Good morning good morning!
Ah, the Beatles. How I love the Beatles. I want to tell you -- there hasn’t been a day in the life when their music, their very presence, wasn’t lurking somewhere in the background of my subconscious. Blame it on my parents. I was born on New Year’s Eve in 1964, to VERY young parents for whom having then state-of-the-art stereo equipment AND the latest in popular music was an absolute must. There was ALWAYS music playing in the house when I was growing up. ALWAYS. And though my parents’ tastes ran the gamut of 1960s rock and pop (Rolling Stones, The Who, Aretha Franklin, The Beach Boys, Jimi Hendrix, Big Brother & The Holding Company [starring Janis Joplin], etc. -- with a little classical music thrown in here, there and everywhere), the Beatles were always at the forefront. I had the album Revolver memorized by the time I was five years old. The first piece of recorded music I ever, personally owned was an original 45 record of the Beatles song “Let It Be.” It’s still my favorite song of all time.
One of my favorite movies of all time is even Beatles-related. When I was between the ages of three and five years, Dad regularly took me to see movies in the theater, just me and him. From that period are three movies that I have never forgotten and adore unconditionally to this day. One is 2001: A Space Odyssey. Another is Walt Disney’s Fantasia. The third is the Beatles’ animated film, Yellow Submarine. I love Yellow Submarine. Not only is it a visual feast and unique among animated films, it’s also a very clever movie. It accurately depicts a very important, other talent that the Beatles possessed and included in their music -– humor.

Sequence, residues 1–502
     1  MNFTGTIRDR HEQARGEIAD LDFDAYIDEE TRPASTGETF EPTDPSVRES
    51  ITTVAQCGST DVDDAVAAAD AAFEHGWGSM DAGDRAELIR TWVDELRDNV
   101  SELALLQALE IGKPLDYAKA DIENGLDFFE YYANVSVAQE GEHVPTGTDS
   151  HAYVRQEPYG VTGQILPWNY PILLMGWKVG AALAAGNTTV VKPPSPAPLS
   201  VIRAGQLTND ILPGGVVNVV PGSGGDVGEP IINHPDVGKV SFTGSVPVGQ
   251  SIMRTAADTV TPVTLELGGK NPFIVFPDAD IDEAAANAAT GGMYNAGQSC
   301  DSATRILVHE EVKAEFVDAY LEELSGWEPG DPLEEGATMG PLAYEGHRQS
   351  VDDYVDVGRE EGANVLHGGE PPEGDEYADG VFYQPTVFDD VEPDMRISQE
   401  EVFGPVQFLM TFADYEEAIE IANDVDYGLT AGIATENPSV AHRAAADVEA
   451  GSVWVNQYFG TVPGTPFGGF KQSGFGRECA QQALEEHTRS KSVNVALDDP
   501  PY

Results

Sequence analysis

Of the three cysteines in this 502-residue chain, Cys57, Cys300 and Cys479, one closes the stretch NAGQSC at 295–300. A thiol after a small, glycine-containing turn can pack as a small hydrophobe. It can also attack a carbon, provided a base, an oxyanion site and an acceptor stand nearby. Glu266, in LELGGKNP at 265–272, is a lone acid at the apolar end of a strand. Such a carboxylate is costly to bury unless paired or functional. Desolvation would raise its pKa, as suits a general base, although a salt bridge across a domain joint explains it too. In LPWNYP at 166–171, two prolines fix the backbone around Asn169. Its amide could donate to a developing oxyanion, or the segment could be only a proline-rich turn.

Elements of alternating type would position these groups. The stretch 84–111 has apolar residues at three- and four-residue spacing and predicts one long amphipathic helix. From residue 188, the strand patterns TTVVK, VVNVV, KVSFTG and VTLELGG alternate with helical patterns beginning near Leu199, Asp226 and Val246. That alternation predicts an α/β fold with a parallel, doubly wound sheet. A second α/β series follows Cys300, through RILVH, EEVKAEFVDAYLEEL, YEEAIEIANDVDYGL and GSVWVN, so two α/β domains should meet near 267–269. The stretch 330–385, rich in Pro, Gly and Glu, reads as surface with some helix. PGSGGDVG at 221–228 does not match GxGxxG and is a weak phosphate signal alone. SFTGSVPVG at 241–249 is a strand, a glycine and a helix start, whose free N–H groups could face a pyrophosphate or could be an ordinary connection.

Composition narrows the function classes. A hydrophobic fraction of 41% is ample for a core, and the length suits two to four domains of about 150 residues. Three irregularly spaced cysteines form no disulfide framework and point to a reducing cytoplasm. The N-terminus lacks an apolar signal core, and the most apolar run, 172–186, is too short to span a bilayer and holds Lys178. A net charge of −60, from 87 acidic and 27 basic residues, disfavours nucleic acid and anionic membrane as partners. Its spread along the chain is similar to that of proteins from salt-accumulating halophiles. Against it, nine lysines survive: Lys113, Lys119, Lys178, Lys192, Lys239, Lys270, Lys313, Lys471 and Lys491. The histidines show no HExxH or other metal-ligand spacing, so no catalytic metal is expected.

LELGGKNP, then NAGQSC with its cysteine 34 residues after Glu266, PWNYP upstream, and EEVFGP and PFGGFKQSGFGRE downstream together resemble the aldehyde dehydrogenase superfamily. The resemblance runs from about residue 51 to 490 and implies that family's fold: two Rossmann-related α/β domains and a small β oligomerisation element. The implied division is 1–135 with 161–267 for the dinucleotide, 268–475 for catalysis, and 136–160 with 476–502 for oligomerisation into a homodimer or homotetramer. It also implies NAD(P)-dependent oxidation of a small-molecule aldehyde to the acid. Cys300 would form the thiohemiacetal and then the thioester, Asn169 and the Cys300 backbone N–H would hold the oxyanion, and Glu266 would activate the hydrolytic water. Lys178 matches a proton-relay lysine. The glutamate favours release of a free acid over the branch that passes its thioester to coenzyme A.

What’s made the Beatles so influential? It’s been debated endlessly by many, many people over the last four decades, but I have my own theory. People often forget that though the Beatles were influential, they themselves were influenced – not only by Elvis Presley, Buddy Holly, and other early-rock pioneers, but also by just about every other form of music and entertainment available. Listen to the entire Beatles catalog and you’ll hear songs based on almost every genre of the time -- rock, classical, blues, jazz, country-western, Broadway, gospel, soul, folk, children’s songs, “beach” music, British dance hall/vaudeville tunes, you name it. The Beatles embraced every form of music and musical experimentation, resulting in an expansion of popular music sounds and styles that persist to this day. Yet they never took themselves too seriously, which is something few modern musicians and bands can claim. In addition to the music, they also brought a myriad of emotions to their songs. There was a strong sense of irony and humor in their music, but even when the songs were sad and serious, the emotions seemed genuine rather than forced.